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Business & Profession Retina, Basic & Translational Research

Gene Editing Primed for Success

Credit: Headshot supplied by author Samuel W. Du

Mutations in key genes involved in the development or function of the retina result in inherited retinal diseases (IRDs). To date, over 325 genes and genetic loci have been identified as contributors to IRDs, with most of these genes having more than one identified mutation that is causative of disease. Adding to the complexity, different mutations in the same gene can lead to different clinical manifestations, such as mutations in RPE65, which can cause either autosomal recessive Leber congenital amaurosis (LCA), autosomal recessive retinitis pigmentosa (RP), or autosomal dominant RP.

Our ability to identify candidate genes outpaces our ability to develop molecularly targeted treatments for IRDs, and, given the aforementioned numbers of both genes and mutations, it will be a great challenge to develop small molecule therapies for each mutated protein. Thus, researchers must develop new therapeutic approaches for IRDs. This new approach is exemplified by the development of Luxturna (voretigene neparvovec) – the first FDA-approved gene augmentation therapy. Approved for the treatment of LCA, Luxturna was a triumph of translational research, providing proof of concept for gene augmentation therapy and sequencing-informed treatment. However, gene augmentation therapy is less likely to be able to treat diseases that act in a dominant manner, as expression of the wildtype gene may not be able to ameliorate the toxic effects of a dominant negative mutant protein. Another limitation of gene augmentation therapy is its inability to package large transgenes, such as USH2A, MYO7A, and ABCA4, as cargoes in gold standard viral vectors. In light of this, other therapeutic strategies – such as direct genome editing – need to be considered to address these unmet needs for IRD treatment.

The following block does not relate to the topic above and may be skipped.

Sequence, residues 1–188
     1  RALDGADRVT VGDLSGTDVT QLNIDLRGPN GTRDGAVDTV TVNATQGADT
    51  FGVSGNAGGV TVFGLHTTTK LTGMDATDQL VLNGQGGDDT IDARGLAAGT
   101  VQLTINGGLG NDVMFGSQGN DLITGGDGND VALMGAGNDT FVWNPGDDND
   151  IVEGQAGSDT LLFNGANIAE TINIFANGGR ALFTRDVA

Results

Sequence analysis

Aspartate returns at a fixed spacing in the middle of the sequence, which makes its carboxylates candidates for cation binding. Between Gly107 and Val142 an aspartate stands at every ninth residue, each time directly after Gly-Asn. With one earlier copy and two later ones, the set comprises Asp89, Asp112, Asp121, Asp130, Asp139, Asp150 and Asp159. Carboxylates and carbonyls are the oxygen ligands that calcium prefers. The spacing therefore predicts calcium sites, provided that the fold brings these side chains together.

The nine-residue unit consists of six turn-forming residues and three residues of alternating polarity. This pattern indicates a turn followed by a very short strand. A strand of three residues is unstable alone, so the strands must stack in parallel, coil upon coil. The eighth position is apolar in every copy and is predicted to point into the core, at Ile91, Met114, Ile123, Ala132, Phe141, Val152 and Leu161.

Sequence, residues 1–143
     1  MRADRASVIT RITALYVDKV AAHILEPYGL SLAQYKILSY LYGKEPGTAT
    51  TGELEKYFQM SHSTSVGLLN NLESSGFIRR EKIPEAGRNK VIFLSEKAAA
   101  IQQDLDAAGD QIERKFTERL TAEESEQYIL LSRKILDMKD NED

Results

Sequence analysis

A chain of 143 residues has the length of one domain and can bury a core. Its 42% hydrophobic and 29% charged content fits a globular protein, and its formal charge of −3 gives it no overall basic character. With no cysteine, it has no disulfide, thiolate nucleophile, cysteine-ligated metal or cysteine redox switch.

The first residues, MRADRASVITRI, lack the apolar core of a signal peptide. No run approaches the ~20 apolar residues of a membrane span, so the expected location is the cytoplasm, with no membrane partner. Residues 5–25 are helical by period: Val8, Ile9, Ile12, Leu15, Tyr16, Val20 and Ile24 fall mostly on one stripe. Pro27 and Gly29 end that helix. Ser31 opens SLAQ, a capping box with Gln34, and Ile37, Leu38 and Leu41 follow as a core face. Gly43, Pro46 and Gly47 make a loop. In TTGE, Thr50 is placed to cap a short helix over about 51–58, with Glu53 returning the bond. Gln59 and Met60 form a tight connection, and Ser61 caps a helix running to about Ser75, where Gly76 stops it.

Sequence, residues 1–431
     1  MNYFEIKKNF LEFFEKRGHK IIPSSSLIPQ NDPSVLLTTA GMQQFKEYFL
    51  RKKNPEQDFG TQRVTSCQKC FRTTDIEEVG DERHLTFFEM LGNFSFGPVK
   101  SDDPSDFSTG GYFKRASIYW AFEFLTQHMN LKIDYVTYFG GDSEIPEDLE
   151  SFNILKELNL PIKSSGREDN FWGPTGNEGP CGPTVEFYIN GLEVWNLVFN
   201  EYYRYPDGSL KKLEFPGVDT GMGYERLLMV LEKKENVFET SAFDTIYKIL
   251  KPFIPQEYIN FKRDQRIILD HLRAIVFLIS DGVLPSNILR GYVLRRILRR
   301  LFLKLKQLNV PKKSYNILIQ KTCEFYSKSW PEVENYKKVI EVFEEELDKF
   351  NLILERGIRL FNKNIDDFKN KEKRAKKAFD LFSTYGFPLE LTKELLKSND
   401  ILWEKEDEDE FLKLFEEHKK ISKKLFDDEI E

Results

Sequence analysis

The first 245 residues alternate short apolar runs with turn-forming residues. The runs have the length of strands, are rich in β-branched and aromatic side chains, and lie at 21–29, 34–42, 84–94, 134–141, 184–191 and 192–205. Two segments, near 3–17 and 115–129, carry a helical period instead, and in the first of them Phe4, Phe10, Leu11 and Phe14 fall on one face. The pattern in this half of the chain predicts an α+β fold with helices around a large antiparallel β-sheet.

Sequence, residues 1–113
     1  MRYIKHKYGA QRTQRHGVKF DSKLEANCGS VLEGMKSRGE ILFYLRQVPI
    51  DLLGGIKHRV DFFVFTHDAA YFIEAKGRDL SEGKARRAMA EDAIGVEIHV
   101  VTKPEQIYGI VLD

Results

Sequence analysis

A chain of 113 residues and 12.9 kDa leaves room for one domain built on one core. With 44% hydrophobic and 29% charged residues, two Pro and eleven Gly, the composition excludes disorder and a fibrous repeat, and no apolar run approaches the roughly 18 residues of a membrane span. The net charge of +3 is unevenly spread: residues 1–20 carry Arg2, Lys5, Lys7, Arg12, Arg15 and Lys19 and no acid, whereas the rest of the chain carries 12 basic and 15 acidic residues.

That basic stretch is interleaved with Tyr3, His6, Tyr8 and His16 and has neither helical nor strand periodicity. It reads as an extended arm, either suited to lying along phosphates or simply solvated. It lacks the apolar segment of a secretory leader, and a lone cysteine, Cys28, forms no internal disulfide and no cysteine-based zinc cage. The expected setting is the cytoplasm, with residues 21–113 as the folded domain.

Prime editing

First developed in the lab of David Liu at the Broad Institute of MIT and Harvard, prime editing (PE) is a novel third-generation CRISPR/Cas9 gene editor. PE offers many advantages over traditional, nuclease based CRISPR/Cas9 strategies. These include: the avoidance of double-stranded breaks, no dependence on mitosis and active cell cycling for efficient repair, and purer, more defined editing outcomes. In (relatively) simple terms, the process uses at least one prime editing guide RNA (pegRNA) to target a partially inactivated Cas9 protein to a defined location in the genome where a single-stranded DNA break is made. Next, a reverse transcriptase, which is fused to Cas9, installs an intended edit templated by the pegRNA by reverse transcribing the template into DNA, which is then incorporated into the genome. The mechanism of PE enables the correction of all 12 types of point mutations, as well as the reversion of small insertions and deletions.

Prime editor engineered virus-like particles

A major challenge in the application of PE and other genome editors is the need to safely and efficiently deliver genome editing components. The use of viral vectors, such as adeno-associated viruses and lentiviruses, come with significant drawbacks. When CRISPR/Cas9 components are expressed over a sustained period – such as from a cell that has been transduced by a virus – there is an increased risk of unintended off-target and bystander editing outcomes. There is also a low risk of viral genome insertion into the genome, either in a random (and potentially oncogenic location) or into the nicked DNA strand. An ideal genome editing delivery platform should deliver CRISPR/Cas9, PE, and guide RNA components transiently, thereby limiting risks.